The run consisted of five 10k loops. The loop started and ended on pavement in the Visitor’s Center/parking area, and took us on most of the trails through the park. It was very flat. The first stretch was through the pine forest which had had a very recent controlled burn. A few ashes still smoldered along the edge of the trail. The trail through most of this stretch was loose sand, and the air smelled of smoke. Then another short pavement stretch and further into the park, on yet another wide sandy trail. Here we passed the primitive camp area, where a big group of Boy Scouts had set up camp. A few runners around me joked about just wanting to go curl up by the fire instead of continuing the run. Sounded pretty good to me! But alas, on we ran. From there, we ran up to the lake, turned left and headed out onto a 0.6 mile spur, at the end of which was a board with our names and where we were to stick a sticker on each lap. Gotta keep us honest! This was the only chance to get a look at who was around you as you went out and back. And it was here, on the first lap, that I had my one and only glimpse of Ryan for the rest of the run.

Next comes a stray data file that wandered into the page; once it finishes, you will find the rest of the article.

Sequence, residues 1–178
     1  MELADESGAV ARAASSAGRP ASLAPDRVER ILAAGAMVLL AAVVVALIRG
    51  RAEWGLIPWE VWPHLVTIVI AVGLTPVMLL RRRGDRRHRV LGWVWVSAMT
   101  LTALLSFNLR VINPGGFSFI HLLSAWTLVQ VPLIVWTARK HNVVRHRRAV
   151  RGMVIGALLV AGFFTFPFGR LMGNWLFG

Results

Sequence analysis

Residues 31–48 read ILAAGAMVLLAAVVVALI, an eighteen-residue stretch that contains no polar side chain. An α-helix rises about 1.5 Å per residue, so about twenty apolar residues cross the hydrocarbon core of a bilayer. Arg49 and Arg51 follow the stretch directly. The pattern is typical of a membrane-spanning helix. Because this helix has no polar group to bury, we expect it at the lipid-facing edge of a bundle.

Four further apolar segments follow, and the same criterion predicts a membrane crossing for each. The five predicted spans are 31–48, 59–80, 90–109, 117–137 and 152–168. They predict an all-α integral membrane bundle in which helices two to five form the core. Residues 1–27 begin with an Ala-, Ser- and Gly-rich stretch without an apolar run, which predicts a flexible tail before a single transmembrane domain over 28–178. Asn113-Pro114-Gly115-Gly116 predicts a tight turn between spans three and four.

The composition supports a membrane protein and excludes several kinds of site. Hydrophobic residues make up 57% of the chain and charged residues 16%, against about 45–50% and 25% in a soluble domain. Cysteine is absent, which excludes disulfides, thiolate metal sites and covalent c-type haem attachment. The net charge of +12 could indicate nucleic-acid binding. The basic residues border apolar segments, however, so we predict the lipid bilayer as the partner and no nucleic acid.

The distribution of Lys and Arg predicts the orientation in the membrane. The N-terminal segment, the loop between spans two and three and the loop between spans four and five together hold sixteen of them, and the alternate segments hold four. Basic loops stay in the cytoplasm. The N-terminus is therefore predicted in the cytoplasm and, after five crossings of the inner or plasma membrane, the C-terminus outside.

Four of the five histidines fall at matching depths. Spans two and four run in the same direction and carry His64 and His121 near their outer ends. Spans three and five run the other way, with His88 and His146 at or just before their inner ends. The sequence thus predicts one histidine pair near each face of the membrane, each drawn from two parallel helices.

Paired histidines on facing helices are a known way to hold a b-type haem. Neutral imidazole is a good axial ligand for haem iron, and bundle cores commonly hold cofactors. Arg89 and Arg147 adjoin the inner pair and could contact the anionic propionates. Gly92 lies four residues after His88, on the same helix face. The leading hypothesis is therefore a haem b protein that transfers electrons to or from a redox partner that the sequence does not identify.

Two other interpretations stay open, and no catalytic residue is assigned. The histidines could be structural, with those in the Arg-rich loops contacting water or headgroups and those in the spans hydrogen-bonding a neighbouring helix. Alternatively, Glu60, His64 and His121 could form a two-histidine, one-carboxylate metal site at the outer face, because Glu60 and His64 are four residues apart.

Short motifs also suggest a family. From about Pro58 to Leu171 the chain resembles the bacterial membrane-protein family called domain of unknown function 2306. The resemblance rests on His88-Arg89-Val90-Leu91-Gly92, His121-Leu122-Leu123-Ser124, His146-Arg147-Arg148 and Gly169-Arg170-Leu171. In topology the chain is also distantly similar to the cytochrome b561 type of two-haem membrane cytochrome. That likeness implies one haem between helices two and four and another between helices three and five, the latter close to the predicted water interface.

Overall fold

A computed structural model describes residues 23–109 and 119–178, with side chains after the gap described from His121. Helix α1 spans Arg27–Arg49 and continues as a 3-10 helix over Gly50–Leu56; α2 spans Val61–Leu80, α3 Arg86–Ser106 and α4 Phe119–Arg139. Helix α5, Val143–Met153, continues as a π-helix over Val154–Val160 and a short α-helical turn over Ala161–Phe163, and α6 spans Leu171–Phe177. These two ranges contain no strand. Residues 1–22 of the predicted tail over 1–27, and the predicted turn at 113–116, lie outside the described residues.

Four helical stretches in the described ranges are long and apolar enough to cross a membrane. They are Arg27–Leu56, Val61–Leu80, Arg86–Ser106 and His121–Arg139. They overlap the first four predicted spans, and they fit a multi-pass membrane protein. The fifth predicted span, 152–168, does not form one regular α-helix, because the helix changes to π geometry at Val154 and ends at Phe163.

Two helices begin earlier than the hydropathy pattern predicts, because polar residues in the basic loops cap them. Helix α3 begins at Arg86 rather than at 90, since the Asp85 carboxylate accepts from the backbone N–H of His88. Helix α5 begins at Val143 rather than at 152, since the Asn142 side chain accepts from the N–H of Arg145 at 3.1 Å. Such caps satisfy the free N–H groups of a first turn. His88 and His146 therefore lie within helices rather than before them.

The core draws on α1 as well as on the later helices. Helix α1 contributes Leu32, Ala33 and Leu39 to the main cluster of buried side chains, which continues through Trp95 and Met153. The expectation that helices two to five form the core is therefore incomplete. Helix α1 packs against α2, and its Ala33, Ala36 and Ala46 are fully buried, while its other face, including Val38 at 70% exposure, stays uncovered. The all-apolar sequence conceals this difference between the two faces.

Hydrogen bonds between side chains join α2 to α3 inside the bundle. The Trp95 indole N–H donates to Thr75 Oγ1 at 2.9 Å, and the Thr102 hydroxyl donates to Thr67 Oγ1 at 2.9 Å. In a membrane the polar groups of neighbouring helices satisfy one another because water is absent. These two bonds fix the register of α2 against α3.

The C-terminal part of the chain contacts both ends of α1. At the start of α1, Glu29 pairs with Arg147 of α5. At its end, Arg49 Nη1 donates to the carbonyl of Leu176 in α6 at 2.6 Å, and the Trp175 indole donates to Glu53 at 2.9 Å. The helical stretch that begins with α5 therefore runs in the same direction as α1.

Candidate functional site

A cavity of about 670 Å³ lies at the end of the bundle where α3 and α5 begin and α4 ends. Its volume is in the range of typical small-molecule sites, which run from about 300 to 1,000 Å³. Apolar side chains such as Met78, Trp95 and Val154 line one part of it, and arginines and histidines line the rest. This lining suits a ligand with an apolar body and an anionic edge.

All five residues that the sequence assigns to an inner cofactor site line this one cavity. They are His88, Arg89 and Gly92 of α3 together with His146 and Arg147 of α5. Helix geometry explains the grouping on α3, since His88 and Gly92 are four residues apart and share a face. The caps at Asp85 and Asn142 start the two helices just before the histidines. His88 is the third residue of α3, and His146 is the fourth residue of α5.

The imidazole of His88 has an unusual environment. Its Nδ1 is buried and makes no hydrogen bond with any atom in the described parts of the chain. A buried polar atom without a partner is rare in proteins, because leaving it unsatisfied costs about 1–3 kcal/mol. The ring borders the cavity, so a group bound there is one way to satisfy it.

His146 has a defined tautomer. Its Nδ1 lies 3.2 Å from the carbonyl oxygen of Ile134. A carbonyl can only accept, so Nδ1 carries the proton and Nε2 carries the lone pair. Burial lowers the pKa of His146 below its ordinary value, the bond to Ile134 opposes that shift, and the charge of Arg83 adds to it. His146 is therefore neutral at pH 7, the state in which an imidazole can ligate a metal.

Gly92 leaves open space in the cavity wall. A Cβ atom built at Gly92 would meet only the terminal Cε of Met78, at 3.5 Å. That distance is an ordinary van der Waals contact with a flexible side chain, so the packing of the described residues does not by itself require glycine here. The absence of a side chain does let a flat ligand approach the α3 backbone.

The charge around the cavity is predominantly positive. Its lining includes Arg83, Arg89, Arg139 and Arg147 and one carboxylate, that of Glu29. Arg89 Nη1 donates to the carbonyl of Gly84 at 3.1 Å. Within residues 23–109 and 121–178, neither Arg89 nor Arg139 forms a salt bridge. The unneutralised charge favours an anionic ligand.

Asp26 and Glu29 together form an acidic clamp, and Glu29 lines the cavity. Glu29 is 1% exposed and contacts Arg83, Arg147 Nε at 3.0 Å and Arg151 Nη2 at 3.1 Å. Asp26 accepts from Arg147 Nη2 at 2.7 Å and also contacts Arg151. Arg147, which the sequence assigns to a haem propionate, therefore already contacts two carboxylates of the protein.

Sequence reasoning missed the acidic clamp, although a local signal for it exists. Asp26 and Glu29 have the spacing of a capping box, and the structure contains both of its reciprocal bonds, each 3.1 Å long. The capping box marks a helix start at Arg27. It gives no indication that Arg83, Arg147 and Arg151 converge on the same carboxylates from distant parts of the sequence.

After completing the out-and-back spur, the trail meandered along the edge of the lake, twisting and turning through the trees, the trail pine and leaf covered, with a bit of sand and lots of roots to grab at your feet. It was actually really pretty through here, and was probably my favorite stretch of trail, although I’d say it was also the hardest, or at least the most technical. The loop finished with a long stretch on a wide boardwalk that led from the Visitor’s Center out to the lake and a return to the parking area.
The first loop went quickly, and I was surrounded by people the whole way, but as we went back through the start/finish area, things thinned out a bit. However, I did end up running part of lap #2 with a Marine who had been stationed for a number of years in Brunswick. What are the chances of that?! We had fun chatting, but he left me in the dust at the turn-around point, and I was on my own. I did leap-frog back and forth with a few guys as the rest of the loops went by, and I kept noticing on the out-and-back stretch that the lead woman was getting further and further ahead, but still, through the end of lap #3, I still felt strong and comfortable.